Upon first glance, it is almost too easy to discard Rake as another gander at the easily sustainable formulaic TV on courtroom drama. The dynamics within the court of law certainly makes itself a low-hanging fruit for any unbecoming scriptwriter to dish out a (typical) monster of the week structure with a self-encapsulated court case each episode – sometimes with a pinch of the moral grey between defendants and prosecutors. There have been examples aplenty, and even the basis of source material can easily be accounted for by real-life archival case studies. However, Rake is none of these. Rake is – in simple terms – a quasi-court procedural based on the premises of Charles Waterstreet’s life and writing (the very same famous columnist from The Sydney Morning Herald), tipped with the touch of comedic and creative genius of Peter Duncan and Richard Roxburgh. ABC’s now-defunct recent Boston Legal, another show related to the courtroom dynamics and politics, was no doubt a show of great merit. It was technically sound and had decent scriptwriting elements.
However, it feels tame in comparison to Rake, as Rake is not merely a show about the New South Wales court and law practices, but a carefully stretched out metanarrative that reflects the state of law and politics in contemporary Australia – never to forget its never-ending series of satirical jabs at the Australian culture and the contemporary real-life events. At the point the article is being written, Rake is already heralded as a definitive moment that shifted and changed the landscape of television in Australia dramatically – which is no small feat for a show which started out with negligible ratings and an ever so slightly increasing small fanbase who discovered it as 2010’s biggest TV hidden gem. Rake is no lone ranger in the field of Australian satire on TV – we already had masterpieces like Front Line and Housos, but Rake is the ultimate manifestation of this heritage as a show that becomes successful to pass its scathing commentary on Australia, its hijinks, and its people in the same tongue-and-cheek fashion championed by the early seasons of The Simpsons.
Rake Cast: Who’s in it?
Rake did not initially do too well in ratings because its cast did not consist of stars as big as James Spader (U.S. audiences will remember him from the post-Michael seasons of The Office) in Boston Legal (ABC’s previous law-themed show that went off the air in 2013). Richard Roxburgh, who plays the protagonist Cleaver Greene, however, is a prominent figure both on the Australian stage and Hollywood theatrical productions, including commercial action flicks like Mission Impossible 2. Even though his CV points at a number of such commercial films, Roxburgh is widely acclaimed for his masterful acting on-stage, and his comedic genius that is unparalleled in its unique way as far as the acting scene of Australia is concerned. Other major roles in the show are played by Russell Dykstra (Barney Meagher, Cleaver’s best friend, and solicitor), Matt Day as the menacing David Potter, and New Zealand actress Danielle Cormack (Scarlet Engles) who is widely known for her role in Shortland Street.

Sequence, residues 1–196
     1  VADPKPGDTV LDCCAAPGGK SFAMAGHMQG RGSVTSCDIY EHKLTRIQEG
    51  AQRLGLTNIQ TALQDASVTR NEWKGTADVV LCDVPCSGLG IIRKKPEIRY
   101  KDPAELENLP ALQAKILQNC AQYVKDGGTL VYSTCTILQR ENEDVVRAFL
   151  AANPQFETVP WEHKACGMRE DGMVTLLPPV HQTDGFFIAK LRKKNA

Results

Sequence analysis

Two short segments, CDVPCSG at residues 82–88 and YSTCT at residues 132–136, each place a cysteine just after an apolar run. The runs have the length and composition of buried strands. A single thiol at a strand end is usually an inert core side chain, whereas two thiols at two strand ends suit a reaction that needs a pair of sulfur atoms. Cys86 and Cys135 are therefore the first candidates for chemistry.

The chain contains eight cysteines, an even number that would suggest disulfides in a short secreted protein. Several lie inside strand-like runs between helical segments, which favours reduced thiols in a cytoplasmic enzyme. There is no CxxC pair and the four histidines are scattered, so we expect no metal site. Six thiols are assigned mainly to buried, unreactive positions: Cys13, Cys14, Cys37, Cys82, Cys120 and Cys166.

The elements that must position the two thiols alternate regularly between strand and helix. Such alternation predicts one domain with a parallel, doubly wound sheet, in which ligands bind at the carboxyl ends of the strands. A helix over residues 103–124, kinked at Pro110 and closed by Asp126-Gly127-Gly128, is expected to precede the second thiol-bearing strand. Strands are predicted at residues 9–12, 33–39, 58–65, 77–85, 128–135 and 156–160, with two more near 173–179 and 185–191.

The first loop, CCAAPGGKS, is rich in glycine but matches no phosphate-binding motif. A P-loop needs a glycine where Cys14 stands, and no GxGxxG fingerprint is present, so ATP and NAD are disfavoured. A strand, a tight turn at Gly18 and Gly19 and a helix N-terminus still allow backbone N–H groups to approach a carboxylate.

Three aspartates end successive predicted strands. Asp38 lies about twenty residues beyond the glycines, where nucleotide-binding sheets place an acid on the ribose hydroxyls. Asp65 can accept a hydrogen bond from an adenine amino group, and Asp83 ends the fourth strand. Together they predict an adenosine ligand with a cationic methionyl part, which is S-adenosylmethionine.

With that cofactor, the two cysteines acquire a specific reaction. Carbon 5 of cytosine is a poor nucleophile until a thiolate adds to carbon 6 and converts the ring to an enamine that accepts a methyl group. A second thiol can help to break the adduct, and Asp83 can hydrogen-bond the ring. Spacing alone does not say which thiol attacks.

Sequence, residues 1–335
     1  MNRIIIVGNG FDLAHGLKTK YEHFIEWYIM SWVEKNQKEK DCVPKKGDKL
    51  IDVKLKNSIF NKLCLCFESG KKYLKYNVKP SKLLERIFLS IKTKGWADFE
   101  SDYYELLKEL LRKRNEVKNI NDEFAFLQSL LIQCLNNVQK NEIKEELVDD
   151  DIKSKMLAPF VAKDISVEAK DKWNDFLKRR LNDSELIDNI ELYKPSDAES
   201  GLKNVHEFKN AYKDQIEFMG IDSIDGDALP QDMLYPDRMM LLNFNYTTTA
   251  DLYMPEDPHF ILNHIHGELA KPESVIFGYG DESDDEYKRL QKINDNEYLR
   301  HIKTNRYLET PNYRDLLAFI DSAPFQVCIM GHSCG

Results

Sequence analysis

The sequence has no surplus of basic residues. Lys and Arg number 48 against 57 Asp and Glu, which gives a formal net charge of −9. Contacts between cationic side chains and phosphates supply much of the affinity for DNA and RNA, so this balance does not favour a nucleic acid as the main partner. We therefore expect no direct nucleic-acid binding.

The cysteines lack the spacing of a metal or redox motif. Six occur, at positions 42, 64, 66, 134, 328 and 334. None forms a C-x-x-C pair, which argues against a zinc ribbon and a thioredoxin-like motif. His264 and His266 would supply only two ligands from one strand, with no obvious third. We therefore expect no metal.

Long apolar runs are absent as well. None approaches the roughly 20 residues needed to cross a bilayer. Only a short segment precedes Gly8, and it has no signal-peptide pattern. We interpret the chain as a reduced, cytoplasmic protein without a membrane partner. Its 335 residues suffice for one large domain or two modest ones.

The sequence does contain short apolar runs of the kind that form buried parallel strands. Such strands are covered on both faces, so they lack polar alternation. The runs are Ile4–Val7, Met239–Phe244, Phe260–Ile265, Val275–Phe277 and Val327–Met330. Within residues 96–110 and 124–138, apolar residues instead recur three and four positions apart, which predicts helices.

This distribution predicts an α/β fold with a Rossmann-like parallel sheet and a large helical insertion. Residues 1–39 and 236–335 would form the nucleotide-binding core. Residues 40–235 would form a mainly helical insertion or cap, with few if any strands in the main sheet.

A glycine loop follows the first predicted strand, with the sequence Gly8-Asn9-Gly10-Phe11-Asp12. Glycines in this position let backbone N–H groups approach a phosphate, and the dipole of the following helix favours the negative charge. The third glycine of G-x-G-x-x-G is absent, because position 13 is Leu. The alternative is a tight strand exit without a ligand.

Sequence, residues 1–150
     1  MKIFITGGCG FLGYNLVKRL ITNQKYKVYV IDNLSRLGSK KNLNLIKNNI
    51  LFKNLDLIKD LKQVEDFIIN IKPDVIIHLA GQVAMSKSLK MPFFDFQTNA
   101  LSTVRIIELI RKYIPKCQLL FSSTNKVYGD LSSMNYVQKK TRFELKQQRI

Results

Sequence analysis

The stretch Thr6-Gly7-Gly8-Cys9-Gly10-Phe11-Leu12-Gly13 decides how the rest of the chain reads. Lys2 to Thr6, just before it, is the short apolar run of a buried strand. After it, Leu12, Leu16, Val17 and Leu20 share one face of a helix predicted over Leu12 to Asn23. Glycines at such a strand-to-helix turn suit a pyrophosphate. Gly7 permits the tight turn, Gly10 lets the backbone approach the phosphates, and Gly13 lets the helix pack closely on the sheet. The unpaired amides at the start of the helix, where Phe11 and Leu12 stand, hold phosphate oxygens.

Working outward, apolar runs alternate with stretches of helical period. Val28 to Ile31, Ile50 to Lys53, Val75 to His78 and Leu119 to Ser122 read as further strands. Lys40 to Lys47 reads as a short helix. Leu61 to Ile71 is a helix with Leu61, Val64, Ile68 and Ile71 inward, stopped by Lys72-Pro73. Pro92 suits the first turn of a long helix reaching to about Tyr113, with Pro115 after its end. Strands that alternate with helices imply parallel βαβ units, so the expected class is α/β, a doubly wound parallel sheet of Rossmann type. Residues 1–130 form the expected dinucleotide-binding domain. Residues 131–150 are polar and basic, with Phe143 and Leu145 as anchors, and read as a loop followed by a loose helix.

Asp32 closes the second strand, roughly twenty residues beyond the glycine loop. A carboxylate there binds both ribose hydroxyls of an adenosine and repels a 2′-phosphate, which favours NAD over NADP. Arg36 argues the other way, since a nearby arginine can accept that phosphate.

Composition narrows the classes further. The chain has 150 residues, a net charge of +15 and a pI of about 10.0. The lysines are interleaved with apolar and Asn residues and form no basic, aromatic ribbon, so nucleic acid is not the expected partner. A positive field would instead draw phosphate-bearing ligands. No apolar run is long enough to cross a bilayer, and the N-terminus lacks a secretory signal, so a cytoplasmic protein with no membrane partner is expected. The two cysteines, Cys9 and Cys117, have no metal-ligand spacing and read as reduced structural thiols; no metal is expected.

Rake Plot: What is it about?
Even though much of Rake follows an episodic structure with one courtroom trial each episode apiece, for the most part, the overarching thrust is a focus on the characters – including the focus on the Greene himself. Much like Sherlock Holmes and Hugh Laurie’s House M.D., Greene is a misanthropic genius figure who is self-destructive – which makes Rake all the more intriguing.
Rake Season 6 Release Date: Cancelled or Renewed?
There has been quite the ruckus about the cancellation(s) of the show – with the central star Richard Roxburgh (acting as a spokesperson for the production team when he made such and such comments) at the forefront of what can be called a saga unto itself. To elucidate it in simple terms: Rake and its team have, on several occasions, given out the impression that the respective season might likely be their last one.
At the very second season, for example, Roxburgh had noted in an on-set interview that the vision for the show held that it should remain compact to be incisive, that it should be taken off air before it loses its edge, that it should ‘only do three and then that story will be done.’ ‘It’s certainly what we feel.’, said Roxburgh. ‘You certainly don’t want to be flogging a dead thing.’
Understandably, for a show that accrued a massive fanbase only after its debut season, it was a big deal in 2012 – and we had seen a large sect of the fanbase bemoaning an extension in lieu of the supposed season three finale. However, as it was only one interview, contention still existed as to whether Roxburgh’s words were set in stone. But this kind of certainty is exactly what Roxburgh gave at another interview right before the season 3 premiere, noting that they still intended to go off when they were at their qualitative and popular zenith. At the dreaded hour near the end of season 3, however, strong indications existed for a continuation. The show was then confirmed for another season.
However, at the announcement of the latest fifth season, ABC sources made it clear that this would be their final dive. Given the track record, some would write it off as a marketing stance to generate more hype. However, seeing how the show has made its pronounced shift into the realm of politics with the plot thickening volumetrically and then wrapping itself up within the same season – Rake did go out with a bang, and it seems that season 5 truly was the final season. The show’s status has been officially set to ‘cancelled’, and there will be no season 6.
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